• advisory messages can be thought of as counters rather than debugging information
    • they don't contain any data that would allow us to match advisory message to the original message - thou you could correlate by timestamp
    All in all, it's a good tool to have! But perhaps you have some other thoughts on this subject? How do you test JMS?

JMS redelivery with ActiveMQ and Servicemix

The other day I felt a compelling need to implement a JMS redelivery scenario. The exact scenario I'd been trying to handle was:
  1. my message is in an ActiveMQ queue or topic
  2. its processing fails, because of some exception - ie. database access exception due to server nonavailability
  3. since we get an exception, the message is not handled properly, we may want to retry processing attempt some time later
  4. of course, for the redelivery to happen we need the message to stay in the ActiveMQ queue - fetching messages from the queue will be stopped until the redelivery succeeds or expires
See how this can be done after the jump :)

Easier and nicer JMS

JMS seems like a hostile ground. It has all it's quirks and strange behaviours. A couple of defining standards plus esoteric brokers, queues and topics.

At work, we mainly use open source Jms solutions, namely Apache ActiveMQ. This one is usually bundled with Apache Servicemix, as a message broker for this particular ESB. As there are some minor caveats in this scennerio, I'd like to describe here some guidelines for getting to running JMS queues.

Treat this post as a quick cheat sheet with the most common things about JMS I tend to forget :)

Minor glitches encountered during work with embedded broker led to some thoughts about switching to external broker. This is how I configure SMX and AcviteMQ.

Necessary steps:

  • change apache-servicemix/conf/servicemix.properties activemq.port to sth else than standard, for example 61626
  • change apache-activemq/conf/activemq.xml with this settings:
    • change port, the service listens on:
              
                  
              
      
    • setup separate JMX instance:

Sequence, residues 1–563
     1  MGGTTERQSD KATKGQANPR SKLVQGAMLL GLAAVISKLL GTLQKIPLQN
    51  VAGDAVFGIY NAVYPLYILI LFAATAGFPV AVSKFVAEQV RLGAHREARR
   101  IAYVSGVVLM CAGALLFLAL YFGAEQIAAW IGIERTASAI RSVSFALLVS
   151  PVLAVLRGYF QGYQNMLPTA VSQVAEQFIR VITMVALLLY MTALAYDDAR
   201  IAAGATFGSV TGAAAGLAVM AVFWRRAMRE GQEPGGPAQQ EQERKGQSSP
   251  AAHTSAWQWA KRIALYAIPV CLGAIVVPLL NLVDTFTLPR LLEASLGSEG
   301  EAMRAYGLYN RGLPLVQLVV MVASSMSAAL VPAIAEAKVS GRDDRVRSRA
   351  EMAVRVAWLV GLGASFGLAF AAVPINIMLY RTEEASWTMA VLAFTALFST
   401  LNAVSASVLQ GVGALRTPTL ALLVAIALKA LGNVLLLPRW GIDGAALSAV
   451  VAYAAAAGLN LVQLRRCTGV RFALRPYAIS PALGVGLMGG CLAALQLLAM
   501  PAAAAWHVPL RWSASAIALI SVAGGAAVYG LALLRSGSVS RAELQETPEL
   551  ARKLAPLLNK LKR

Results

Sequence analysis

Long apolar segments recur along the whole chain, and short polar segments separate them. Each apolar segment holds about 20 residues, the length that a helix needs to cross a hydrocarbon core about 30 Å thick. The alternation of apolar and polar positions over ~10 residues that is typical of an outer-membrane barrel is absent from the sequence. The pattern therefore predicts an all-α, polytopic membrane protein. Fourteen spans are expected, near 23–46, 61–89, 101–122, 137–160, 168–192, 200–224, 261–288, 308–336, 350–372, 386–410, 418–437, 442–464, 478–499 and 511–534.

• the nicest tool I found for browsing queues and topics is Hermes JMS. Sample config, that connects Hermes to ActiveMQ instance is on the picture below: HermesJMS to ActiveMQ connection config
  • sending simple messages with Hermes is basic, but what if you need to set some headers, send bulk messages, etc. Easy, just use Hermes xml format. Look like this code snippet below and is rather self-explanatory:
    
        
            
                
                
    
      
        
          105
          1235
        
      
    ]]>
    
            
        
    
    
  • since we use lots of Apache Camel to consume messages, here is a simple way to start broker in your tests:
    • start a broker
              BrokerService broker = new org.apache.activemq.broker.BrokerService();
              broker.setBrokerName("AMQ-1");
              broker.addConnector("tcp://localhost:51616");
              broker.setPersistent(false);
              broker.start();
      

      Notice it has persistance disabled.

    • initialize Camel's JMS component:
          ctx.removeComponent("jms");
          ctx.addComponent("jms", ActiveMQComponent.activeMQComponent("tcp://localhost:51616"));
      
    • if you want to pass messages to reference endpoints, (like ref:input), use this wrapper method:
      private JmsEndpoint createJmsEndpoint(String endpoint) throws JMSException {
              ActiveMQComponent amqc = (ActiveMQComponent) ctx.getComponent("jms");
              JmsEndpoint endp = JmsEndpoint.newInstance(new ActiveMQTopic(endpoint), amqc);
              return endp;
      }
      
      createJmsEndpoint("ESB/XYZ")
      

These are all the tricks I've got for now! But if you know some other good tools that handle JMS, feel free to comment! Got more advices, again, comment!